In perinatal mood and anxiety disorders

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Perinatal mood and anxiety: Risk factors

Risk factors for mood and anxiety disorders

Biological factors

  • Past history of depression
  • Past history of postpartum depression – up to 50 per cent recurrence for subsequent pregnancies
  • Family history of mental illness – first-degree relative doubles the risk
  • Recent discontinuation of antidepressants – 75 per cent relapse
  • Medical or obstetrical problems
  • Substance use problems

Psychosocial factors

  • Unplanned pregnancy or ambivalent feelings about the pregnancy
  • Marital discord
  • Personality traits, for example, perfectionism
  • Return-to-work pressures
  • Sexual, physical, emotional abuse
  • Lower socioeconomic status, financial difficulties
  • Recent immigration

Consequences of untreated perinatal mood and anxiety disorders

Maternal consequences

  • Progression of the mental illness
  • Poor prenatal care
  • Risk of medical and obstetrical complications such as gestational diabetes, premature labour
  • Self-medication and substance abuse
  • Impaired bonding and maternal-infant interaction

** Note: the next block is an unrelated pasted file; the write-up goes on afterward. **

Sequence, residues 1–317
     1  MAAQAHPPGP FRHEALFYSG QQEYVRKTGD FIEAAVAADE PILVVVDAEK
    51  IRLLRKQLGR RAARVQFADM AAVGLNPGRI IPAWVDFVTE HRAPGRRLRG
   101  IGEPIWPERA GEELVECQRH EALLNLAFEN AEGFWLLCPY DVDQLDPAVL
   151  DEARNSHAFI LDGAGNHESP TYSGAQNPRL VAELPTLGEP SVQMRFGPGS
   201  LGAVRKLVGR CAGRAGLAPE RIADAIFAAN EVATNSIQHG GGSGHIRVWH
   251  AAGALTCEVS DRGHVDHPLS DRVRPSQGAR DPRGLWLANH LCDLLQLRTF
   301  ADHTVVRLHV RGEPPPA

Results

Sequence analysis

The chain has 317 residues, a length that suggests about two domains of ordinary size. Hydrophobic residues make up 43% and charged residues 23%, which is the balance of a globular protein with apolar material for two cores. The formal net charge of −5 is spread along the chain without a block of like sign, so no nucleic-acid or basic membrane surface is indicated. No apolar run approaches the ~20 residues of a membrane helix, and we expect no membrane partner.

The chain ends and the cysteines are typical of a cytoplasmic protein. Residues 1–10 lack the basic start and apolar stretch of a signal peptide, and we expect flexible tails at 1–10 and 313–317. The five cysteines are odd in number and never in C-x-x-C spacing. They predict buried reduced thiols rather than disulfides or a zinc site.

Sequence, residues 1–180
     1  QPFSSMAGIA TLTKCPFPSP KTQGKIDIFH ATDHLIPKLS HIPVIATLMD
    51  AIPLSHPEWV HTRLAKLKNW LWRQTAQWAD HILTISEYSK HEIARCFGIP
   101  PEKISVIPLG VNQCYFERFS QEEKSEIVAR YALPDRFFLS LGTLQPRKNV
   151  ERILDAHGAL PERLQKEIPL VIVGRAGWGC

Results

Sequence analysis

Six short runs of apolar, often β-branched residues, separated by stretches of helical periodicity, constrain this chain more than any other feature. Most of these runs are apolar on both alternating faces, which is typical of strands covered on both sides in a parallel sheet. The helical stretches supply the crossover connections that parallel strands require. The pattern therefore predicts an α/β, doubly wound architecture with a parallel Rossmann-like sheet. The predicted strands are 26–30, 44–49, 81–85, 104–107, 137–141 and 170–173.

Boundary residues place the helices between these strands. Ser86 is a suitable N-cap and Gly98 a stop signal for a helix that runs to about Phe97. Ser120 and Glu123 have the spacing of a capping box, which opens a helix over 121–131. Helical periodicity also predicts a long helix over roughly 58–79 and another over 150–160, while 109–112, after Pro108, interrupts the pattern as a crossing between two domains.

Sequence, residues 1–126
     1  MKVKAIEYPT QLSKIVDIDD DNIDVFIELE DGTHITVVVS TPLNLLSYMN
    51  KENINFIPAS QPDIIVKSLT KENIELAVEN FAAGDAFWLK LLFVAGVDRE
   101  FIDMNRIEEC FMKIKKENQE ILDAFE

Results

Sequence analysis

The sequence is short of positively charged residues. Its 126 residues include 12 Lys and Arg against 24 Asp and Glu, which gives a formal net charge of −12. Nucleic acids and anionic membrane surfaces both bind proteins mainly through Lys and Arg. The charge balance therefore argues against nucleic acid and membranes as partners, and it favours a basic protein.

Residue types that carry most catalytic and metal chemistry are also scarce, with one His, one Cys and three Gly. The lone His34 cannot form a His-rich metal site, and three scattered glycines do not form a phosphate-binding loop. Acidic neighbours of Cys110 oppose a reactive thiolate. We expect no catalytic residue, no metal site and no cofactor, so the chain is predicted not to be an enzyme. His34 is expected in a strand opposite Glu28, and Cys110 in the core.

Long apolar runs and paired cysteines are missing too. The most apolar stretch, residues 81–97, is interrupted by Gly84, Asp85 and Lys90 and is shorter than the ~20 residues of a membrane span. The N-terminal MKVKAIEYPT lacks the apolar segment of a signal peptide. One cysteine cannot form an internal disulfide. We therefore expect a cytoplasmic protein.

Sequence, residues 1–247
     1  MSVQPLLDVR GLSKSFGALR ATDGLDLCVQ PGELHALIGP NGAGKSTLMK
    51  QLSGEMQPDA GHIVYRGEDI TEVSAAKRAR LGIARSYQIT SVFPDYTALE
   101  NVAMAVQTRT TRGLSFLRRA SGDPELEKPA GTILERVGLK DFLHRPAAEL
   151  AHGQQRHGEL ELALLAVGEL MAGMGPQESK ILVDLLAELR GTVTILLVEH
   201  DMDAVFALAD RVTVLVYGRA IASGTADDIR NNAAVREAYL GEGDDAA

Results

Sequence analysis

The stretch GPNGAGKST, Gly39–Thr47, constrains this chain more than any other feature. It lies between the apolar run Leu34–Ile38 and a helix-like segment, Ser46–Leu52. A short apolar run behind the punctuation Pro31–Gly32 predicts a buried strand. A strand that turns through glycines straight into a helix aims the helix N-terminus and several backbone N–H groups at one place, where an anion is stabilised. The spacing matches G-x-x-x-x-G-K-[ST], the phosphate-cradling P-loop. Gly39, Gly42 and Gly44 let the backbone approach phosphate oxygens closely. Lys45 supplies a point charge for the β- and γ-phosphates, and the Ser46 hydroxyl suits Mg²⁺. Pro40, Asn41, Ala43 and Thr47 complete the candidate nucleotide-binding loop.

• Suicide and infanticide

Neonatal consequences

  • Preterm delivery
  • Poor neonatal adaptation – altered sleep, increased irritability, crying, lethargy
  • Lower birth weight, associated with increased uterine artery resistance
  • Greater right frontal EEG activation
  • Lower dopamine and serotonin levels
  • Lower scores on Brazelton Neonatal Behavioral Assessment Scale

Childhood and adolescent consequences

  • Anxiety and depression, withdrawal, somatic complaints (internalizing behaviours)
  • ADHD, aggression in boys, rule-breaking (externalizing behaviours)
  • Increased impulsivity
  • Lower scores on WISC-R intelligence subtests

Psychiatry in primary care toolkit

The Psychiatry in Primary Care App has been decommissioned. 

The revised print version of Psychiatry in Primary Care is avaible through the CAMH store. 

We have posted a number of revised chapters from the book in Treating Conditions and Disorders in the new Professionals section of